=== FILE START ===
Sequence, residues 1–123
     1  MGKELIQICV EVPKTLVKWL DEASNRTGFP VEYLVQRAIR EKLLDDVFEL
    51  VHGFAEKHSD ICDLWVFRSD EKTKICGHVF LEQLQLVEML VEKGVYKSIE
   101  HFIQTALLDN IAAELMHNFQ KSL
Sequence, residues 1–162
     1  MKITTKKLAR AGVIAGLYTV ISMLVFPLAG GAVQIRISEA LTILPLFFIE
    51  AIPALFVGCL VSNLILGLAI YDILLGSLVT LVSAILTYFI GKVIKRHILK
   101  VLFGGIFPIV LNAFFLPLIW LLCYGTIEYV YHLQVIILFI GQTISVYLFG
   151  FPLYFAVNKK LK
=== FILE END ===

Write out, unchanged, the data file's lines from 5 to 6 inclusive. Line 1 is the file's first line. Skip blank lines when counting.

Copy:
Sequence, residues 1–162
     1  MKITTKKLAR AGVIAGLYTV ISMLVFPLAG GAVQIRISEA LTILPLFFIE